Post­cards From The Clip­ping Plane

Con­ve­niently ig­nor­ing the se­ri­ous side of videogame devel­op­ment

EDGE - - DISPATCHES PERSPECTIVE - JAMES LEACH James Leach is a BAFTA Award-win­ning free­lance writer whose work fea­tures in games and on tele­vi­sion and ra­dio

One of my bosses of old once spent three weeks in Ja­pan in an at­tempt to work out what they wanted from games de­vel­oped in the west, and as­sign­ing blood types to ev­ery in-game char­ac­ter was pretty much the sum of ev­ery­thing he learned. I have no idea if this in­for­ma­tion was true, or was true once but isn’t now. I like the idea that for a brief pe­riod in the ’90s and 2000s all the Pa­cific Rim na­tions were ob­sessed by blood types, only for it to dwin­dle and be re­placed by a fas­ci­na­tion for some­thing equally weird, like the shoe size of com­bat­ants in side-scrolling fight­ing games.

Tech­ni­cally, blood-type in­for­ma­tion comes un­der the ban­ner of back­story. Back­story has of­ten been the bane of my life. For some rea­son it’s not usu­ally enough for a game to just start, ex­plain what the player has to do, and just get on with it. Peo­ple, it seems, want to know what the sit­u­a­tion was be­fore the game starts. If two fac­tions are at war, the rea­sons why are al­ways go­ing to be im­por­tant be­cause it sorts out the good­ies from the bad­dies, but do we need to know what was go­ing on be­fore the war even kicked off? Why is the land like it is? Have there been other con­flicts? If so, were they re­solved peace­fully? And while we’re at it, what are the main crops of this world? Where does that river flow? How did those moun­tains form? You see how it can be never-end­ing.

The per­cep­tion is that con­sumers are go­ing to want all this info. They’re go­ing to swamp the fo­rums with ques­tions about char­ac­ters, lo­ca­tions and his­tory; no­body is go­ing to en­joy the game if they have a sin­gle unan­swered query about it. In some re­spects it’s a com­pli­ment, in­di­cat­ing that the game­buy­ing pub­lic care about the ti­tle enough to think about it in de­tail. But I be­lieve that not many of them do. In all like­li­hood, play­ers just start, learn how to play, and then crash on un­til vic­tory or bore­dom over­comes them. As de­vel­op­ers, we’re just se­cond-guess­ing what peo­ple want to know, and the fact that one vo­cal fan asks some vaguely per­ti­nent ques­tions on a Face­book page doesn’t mean every­body is clam­our­ing for back­story and won’t sleep un­til they get it.

The thing is, I do rather en­joy flesh­ing out game worlds. I’ve al­ways been fas­ci­nated by canon – where games, films or se­ries of books have a set of known facts and truths, not all of which are rel­e­vant, but which all fit to­gether to make a big, ex­plorable uni­verse one can im­merse one­self in. Not long ago I worked on a fan­tasy game, and those are eas­ily the best for back­story cre­ation. For ev­ery item in the game there had to be a his­tory, and ev­ery place had to have a tale of how it came to be. The char­ac­ters – and there were lots – had fam­ily trees, and wher­ever pos­si­ble links had to be made be­tween them to pro­vide in­trigue and pos­si­bly plot points for the fu­ture. Mak­ing all this up was frankly glo­ri­ous. And ev­ery so of­ten there was the chance to con­nect things up in neat ways. For ex­am­ple, the tree from which a vi­tal NPC gets hanged turns out to have grown from a staff thrust into the ground by the same char­ac­ter’s fa­ther. It’s not earth­shat­ter­ing stuff, but lit­tle con­nec­tions like this are ex­tremely sat­is­fy­ing to me.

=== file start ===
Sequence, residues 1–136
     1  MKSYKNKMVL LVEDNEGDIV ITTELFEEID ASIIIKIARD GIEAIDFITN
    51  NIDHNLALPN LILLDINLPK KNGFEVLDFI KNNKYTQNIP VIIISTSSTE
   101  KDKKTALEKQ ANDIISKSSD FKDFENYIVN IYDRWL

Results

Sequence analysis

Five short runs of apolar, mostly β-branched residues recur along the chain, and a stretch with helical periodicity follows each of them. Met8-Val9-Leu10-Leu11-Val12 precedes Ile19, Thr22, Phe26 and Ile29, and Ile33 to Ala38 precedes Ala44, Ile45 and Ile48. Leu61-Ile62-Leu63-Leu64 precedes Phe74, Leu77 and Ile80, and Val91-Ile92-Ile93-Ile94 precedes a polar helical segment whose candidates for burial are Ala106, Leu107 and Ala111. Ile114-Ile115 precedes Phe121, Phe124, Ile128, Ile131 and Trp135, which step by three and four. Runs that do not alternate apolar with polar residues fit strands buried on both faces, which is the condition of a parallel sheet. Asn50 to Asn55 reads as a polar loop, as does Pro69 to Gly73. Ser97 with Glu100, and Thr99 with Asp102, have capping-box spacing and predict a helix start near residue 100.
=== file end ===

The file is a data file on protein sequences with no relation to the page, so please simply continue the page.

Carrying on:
Hav­ing cre­ated a tome of lore for this world, of course the team wanted to use it wher­ever pos­si­ble. They pro­posed a whole load of flash­backs to show some of the clever lit­tle links we’d de­vised in the world. And this, of course, was where it could all have gone dis­as­trously wrong. Back­story of this sort has no place be­ing thrust into the faces of the play­ers. First, as we’ve dis­cussed, how many peo­ple re­ally want to bother with it? And se­cond, ac­tively pre­sent­ing it stops it from be­ing back­story and makes it story. And any­thing pre­sented to a player will be per­ceived as some­thing they need to know in or­der to com­plete the game. Stum­ble across some­thing in a game and you know that, while it might be help­ful in some way, it won’t be vi­tal. Be led to it by the nose, as in the case of these flash­backs, and you pay at­ten­tion be­cause you’re be­ing told. And frankly, shov­ing the depth, con­sis­tency and his­tory of a world into some­one’s face is show­ing off. And it’s very an­noy­ing.

So the great in­ter­lock­ing world be­hind my fan­tasy game con­tained a trea­sure trove of nice but use­less in­for­ma­tion and rich tales of char­ac­ters and lo­ca­tions you’d never get to see. And the re­sponse of the three play­ers who cared enough to ex­plore it was not what I ex­pected. I mean, they liked it, but de­cided among them­selves that we’d done it cyn­i­cally sim­ply so that we could write a pre­quel. Which, come to think of it, would be amaz­ing.

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